Yes, there is a link between biodiversity, cultures, and local languages!
Biodiversity is important for cultural spirits, and for local traditional languages, and not only for food and basic human needs.
In particular for indigenous groups, who don't have a fora where to talk and be condered, this issue is of strategic relevance. As a matter of fact, they often don't have a place within the UN where to discuss their problems, giving their own views. However, within the biodiversity platform there is space for them because they actually live within the nature and forests are their home, integral part of their culture and traditions. For this reason, a place in the Convention on Biodiversity has been reserved to these groups.
The link between biodiversity and traditional knowledge as well as with local languages is a fnudamental passage. With the extinction of local languages, there is big loss of unique historical, cultural, and ecological knowledge. Indigenous communities have elaborated complex classification systems for the natural world, reflecting a deep understanding of local flora, fauna, ecological relations and ecosystem dynamics. This traditional ecological knowledge is both expressed and transmitted through the local or indigenous language. When young people no longer learn the language of their ancestors, special knowledge is often lost, as it is not transferred into the dominant language that replaces it. This is often because the dominant language does not have the vocabulary for this special knowledge, or even because the very situations in which this kind of knowledge and its relevance for survival are learned do not occur in the dominant culture. Information on status and trends of numbers of speakers of indigenous languages may therefore be used as a proxy for measuring trends in the status of traditional knowledge, innovations and practices. Therefore there is a dual relation between local languages and biodiversity, and biodiversity and local languages. It is also connected with their natural habitat, therefore less environment and nature wuold mean that these groups will have to move to urban places, get used to globalization, and therefore change their style-life, learn English, and forget their traditional languages. At the same time, humans will not use the local languages that means that the traditional knowledge linked to the flora fauna will be lost.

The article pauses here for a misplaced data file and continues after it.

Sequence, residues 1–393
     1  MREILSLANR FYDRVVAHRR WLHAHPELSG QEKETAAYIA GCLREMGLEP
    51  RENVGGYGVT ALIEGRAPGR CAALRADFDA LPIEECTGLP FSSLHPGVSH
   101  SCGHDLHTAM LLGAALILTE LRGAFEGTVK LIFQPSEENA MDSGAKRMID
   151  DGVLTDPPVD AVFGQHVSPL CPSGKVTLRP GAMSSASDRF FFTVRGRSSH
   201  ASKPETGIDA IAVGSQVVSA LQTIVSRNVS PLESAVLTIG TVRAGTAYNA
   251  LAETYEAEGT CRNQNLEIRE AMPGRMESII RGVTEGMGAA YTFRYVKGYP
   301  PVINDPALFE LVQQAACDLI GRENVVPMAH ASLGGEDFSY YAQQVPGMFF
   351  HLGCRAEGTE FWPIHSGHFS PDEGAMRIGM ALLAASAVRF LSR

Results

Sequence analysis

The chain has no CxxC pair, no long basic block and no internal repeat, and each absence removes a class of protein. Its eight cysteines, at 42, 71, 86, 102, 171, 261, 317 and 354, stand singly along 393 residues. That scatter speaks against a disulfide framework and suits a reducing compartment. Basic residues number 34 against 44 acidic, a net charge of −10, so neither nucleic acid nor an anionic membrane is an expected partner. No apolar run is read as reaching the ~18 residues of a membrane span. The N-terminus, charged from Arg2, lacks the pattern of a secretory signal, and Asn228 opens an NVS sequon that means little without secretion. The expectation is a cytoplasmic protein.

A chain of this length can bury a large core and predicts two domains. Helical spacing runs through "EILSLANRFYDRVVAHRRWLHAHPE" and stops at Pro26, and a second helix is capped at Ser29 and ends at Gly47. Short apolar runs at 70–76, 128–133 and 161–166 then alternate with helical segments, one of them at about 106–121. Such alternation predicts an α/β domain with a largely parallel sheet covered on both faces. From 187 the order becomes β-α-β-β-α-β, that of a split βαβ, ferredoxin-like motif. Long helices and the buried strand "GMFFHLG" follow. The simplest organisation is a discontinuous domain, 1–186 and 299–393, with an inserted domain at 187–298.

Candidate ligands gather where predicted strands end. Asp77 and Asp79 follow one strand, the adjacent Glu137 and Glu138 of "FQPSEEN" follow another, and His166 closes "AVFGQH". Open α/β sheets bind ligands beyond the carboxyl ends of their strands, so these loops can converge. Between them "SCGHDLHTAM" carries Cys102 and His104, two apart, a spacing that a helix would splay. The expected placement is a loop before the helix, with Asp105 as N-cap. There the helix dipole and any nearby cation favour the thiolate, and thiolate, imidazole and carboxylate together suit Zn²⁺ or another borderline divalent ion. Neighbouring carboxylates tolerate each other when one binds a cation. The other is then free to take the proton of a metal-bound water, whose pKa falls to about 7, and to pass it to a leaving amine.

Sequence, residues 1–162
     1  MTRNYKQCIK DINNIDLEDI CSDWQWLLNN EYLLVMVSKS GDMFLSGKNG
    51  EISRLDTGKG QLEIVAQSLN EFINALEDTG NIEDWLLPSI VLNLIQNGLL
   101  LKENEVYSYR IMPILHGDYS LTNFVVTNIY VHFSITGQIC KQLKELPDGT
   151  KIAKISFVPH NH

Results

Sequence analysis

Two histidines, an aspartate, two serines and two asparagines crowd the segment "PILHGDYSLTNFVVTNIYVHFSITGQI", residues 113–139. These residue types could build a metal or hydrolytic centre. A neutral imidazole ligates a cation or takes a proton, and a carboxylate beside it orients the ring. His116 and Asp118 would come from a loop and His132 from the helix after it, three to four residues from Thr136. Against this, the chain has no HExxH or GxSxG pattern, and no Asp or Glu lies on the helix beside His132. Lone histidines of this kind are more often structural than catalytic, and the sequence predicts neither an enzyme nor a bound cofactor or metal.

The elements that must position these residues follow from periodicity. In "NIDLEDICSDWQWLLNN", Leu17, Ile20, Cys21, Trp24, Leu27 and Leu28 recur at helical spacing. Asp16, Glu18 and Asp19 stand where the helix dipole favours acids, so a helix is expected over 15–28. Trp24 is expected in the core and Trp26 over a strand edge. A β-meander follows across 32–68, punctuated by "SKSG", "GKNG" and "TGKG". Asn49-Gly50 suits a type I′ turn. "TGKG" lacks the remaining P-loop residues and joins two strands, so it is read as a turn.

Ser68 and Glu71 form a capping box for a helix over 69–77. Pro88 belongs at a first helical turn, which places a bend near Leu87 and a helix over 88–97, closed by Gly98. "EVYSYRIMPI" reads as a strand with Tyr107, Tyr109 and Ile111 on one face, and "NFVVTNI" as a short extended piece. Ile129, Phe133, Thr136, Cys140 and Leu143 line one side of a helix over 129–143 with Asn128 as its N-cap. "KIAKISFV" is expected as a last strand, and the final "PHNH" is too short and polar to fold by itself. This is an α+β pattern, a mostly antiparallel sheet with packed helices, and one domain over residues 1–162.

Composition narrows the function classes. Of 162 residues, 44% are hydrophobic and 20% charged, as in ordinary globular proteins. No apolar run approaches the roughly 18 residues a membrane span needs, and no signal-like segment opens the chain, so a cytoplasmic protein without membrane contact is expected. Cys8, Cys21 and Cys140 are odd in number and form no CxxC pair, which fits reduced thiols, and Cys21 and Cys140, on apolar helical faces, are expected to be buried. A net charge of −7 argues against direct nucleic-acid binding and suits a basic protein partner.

According to UNEP ( http://www.youthxchange.net/main/b253-languages-c.asp ),
Over 50% of the world’s languages are endangered: 1 language disappears on average every 2 weeks…
- 96% are spoken by 4% of the world’s population;
- 52% are spoken by fewer than 10,000 people;
- 28% by fewer than 1,000;
- 80% of African languages have no orthography.
It has been demonstrated that where you are losing cultural diversity, you are losing biodiversity, and vice versa:
- there is a remarkable overlap between the global mappings of world's areas of biological ‘megadiversity’ and areas of high cultural and linguistic diversity;
- of the 9 countries that together account for 60% of human languages, 6 of these centers of cultural diversity are also countries with exceptional numbers of unique plants and animal species.
When I've been told that, I found it of great interest, partly romantic. What do you think of it? Th!nk about it!
I would like to thank Iwona for this link, and teh EU for doing this amazing video...
it is simple and effective, as Jan said, and I completely agree with him!